FLAT-PANEL DISPLAYS: Organic electronics support rollable display

At the Society for Information Display (SID) International Symposium 2005 (May 22−27; Boston, MA), researchers from a Philips spin-off company demonstrated an active-matrix display that can be rolled into a smaller package when not in use.

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At the Society for Information Display (SID) International Symposium 2005 (May 22−27; Boston, MA), researchers from a Philips spin-off company demonstrated an active-matrix display that can be rolled into a smaller package when not in use. Currently, users of electronic mobile displays have the choice of comparatively bulky and heavy laptops or the small, relatively low-resolution displays in PDAs and cell phones. The makers of the rollable device hope to bridge the gap with a low-power device small enough to be stored in a pocket but that can be enlarged during use.

Gerwin Gelinck of Polymer Vision/Philips Research (Eindhoven, the Netherlands) presented an invited paper about a rollable active-matrix display that combines an electrophoretic-capsule bistable display and organic electronic backplane.1 A product concept in the SID exhibition demonstrated the quarter-VGA (QVGA; 320 × 240 pixel) monochrome display that measures 0.5 in. high when rolled, but almost a 5-in. diagonal when opened (see figure). The display is 100 µm thick, has 300 × 300-µm pixels, can be rolled to a radius of 0.75 cm, and weighs 1.6 g.

Electrophoretic display

For the front plane of the display, the researchers chose electrophoretic film from E-Ink (Cambridge, MA), in part because this technology doesn’t degrade when rolled. With liquid-crystal displays (LCDs), the cell gap is crucial to the display characteristics, so rolling the display creates artifacts on screen.

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A flexible, rollable active-matrix bistable display made with organic electronics is at the heart of an electronic-reader product concept.
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At the conference, E-Ink’s electrophoretic front-plane technology won SID’s “Display material or component of the year” Gold award. The technology solves several problems with electrophoretic displays and producing four-gray-level displays.

Darren Bischoff of E-Ink explains that the 50-μm display layer contains oppositely charged white (titanium dioxide) and black particles. The particles are trapped in a transparent fluid within a microscopic capsule. Depending on which submicron particles are closest to the surface, light is scattered back (white state) or absorbed (black state). Because the electrophoretic effect is multistable, no power is required to maintain an image.

The contrast is better than the average LCD. “If you have enough ambient light to read a newspaper,” says Bischoff, “you can read this.” The technology has been commercialized in a rigid “e-book” display by Sony, and will be part of a recently announced Seiko watch.

Organic electronics

The film consists of electrophoretic microcapsules in a polyethylene terephthalate polymer binder, coated onto a polyester/ indium-tin-oxide sheet, which is thenhot-roll-laminated onto the backplane. Gelinck explained that using organic semiconductors allows the use of low-cost spin coating, and the decreased maximum processing temperature increases the choice in plastic substrates. In this case, the group used polyethylene naphthalate on a 25-μm-thick freestanding foil, which is laminated during processing to a reusable rigid support.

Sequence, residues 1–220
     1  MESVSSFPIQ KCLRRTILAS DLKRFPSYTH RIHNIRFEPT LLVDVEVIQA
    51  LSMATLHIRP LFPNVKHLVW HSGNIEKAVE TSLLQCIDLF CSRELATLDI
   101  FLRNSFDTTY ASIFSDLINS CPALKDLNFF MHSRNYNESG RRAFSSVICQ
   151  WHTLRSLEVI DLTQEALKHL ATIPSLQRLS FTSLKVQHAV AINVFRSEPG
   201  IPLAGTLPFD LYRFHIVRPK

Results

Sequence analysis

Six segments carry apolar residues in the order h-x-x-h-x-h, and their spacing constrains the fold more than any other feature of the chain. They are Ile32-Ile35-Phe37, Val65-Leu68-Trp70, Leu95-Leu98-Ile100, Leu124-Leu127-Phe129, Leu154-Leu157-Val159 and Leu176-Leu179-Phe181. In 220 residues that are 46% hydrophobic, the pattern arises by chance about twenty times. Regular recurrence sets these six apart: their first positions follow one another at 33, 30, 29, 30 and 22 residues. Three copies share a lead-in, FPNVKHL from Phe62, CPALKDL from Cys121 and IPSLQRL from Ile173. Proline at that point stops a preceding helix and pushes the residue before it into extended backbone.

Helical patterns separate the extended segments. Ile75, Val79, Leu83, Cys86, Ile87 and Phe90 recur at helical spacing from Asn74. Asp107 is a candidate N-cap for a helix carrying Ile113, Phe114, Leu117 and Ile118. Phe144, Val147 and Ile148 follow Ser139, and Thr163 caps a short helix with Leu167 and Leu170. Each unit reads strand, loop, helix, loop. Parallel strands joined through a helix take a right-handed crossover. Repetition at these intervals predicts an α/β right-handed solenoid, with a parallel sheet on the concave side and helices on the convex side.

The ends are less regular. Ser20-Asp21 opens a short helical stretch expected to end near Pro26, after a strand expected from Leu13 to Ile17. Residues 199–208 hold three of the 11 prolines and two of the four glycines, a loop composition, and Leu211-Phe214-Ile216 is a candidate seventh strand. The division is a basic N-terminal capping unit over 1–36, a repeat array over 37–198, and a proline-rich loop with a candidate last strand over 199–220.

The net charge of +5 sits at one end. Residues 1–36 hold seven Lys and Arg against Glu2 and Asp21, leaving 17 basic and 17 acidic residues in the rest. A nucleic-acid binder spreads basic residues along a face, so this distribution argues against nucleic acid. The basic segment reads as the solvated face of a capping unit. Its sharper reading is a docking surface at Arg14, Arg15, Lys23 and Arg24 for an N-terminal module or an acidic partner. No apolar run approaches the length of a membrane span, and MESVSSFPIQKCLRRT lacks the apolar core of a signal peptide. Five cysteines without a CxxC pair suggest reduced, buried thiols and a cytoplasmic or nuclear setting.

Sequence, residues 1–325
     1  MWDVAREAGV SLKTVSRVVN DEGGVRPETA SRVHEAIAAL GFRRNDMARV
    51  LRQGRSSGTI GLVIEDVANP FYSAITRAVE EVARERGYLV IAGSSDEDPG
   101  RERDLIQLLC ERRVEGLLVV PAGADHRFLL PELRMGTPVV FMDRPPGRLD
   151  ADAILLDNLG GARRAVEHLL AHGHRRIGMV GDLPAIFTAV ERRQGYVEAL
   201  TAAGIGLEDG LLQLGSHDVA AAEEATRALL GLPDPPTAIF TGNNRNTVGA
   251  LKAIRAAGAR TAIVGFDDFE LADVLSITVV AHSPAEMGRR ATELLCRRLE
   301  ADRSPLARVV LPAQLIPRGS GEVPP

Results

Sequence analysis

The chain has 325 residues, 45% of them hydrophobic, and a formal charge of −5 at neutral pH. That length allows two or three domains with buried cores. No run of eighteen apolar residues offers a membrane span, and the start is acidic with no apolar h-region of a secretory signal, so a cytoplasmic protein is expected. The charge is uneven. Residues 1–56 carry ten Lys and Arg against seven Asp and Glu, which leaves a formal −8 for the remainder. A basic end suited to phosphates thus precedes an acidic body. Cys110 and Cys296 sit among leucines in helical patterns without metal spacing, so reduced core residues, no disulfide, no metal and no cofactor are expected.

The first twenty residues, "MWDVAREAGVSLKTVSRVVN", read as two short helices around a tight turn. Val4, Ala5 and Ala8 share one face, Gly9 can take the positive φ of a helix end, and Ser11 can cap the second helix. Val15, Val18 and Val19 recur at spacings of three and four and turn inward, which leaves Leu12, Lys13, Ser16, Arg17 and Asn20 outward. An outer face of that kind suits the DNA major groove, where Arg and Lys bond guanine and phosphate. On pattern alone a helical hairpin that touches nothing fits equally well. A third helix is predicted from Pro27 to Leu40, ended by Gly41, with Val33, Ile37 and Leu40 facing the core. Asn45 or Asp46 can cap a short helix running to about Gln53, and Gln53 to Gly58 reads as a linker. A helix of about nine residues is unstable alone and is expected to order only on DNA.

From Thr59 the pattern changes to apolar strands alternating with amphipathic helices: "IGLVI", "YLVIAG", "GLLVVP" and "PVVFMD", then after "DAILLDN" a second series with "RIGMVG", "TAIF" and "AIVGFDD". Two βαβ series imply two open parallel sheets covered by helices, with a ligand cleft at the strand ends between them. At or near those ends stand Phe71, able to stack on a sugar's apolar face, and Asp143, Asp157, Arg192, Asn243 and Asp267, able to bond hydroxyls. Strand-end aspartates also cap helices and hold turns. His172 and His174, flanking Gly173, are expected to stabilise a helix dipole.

Patterning the thin-film transistors (TFTs) for the active-matrix display was done with a four-mask photolithographic process. The group was able to achieve a typical registration better than 2.5 μm over a 150-mm-diameter wafer. The TFT channel length was 5 μm and the width was 140 μm.

The group used an inverted staggered-electrode device architecture with gold electrodes. The devices have an average field effect mobility of 0.01 cm²/Vs at a gate bias of -20 V, a sharp on/off transition with about six orders of magnitude on the on/off current ratio, and a threshold voltage close to 0 V.

Because the front plane is bistable, updating the image takes into account the initial as well as final state of a pixel. A pixel that doesn’t change state needs no pulse, while one that changes from low to high reflectance requires the maximum-length pulse. Intermediate shades of gray are achieved by applying a shorter pulse (a lower-voltage pulse would also work). The TFT backplane is addressed at a frame rate of 50 Hz and the display’s switching speed is about 0.5 s. The display’s white state has a reflectivity of 35%. The optical contrast ratio is about 10.

The lifetime of the display remains a question. The display shown at SID can be bent to a radius of 0.75 cm more than 600 times without image degradation. But after two months at ambient conditions the contrast degradation is 10%, while the field-effect mobility is reduced by 30%. Whether the display is used or not, the electronics degrade over time.

“In general, the materials used to organic semiconductors are relatively stable under ambient conditions,” says Zhenan Bao of Stanford University (Palo Alto, CA), “but encapsulation is needed because organic TFTs change their electrical characteristics with a small change in humidity.”

Hans Driessen of Philips notes that a reference design kit will be ready by the end of the year and the earliest commercial products aren’t likely to appear until 2007. Meanwhile, however, Gelinck and others are investigating field-shielding pixels to increase the optical aperture of the display from 79% to 95%.

Yvonne Carts-Powell


1. G. H. Gelinck et al, Invited paper 3.1, Society for Information Display 05 (May 22−27, 2005).

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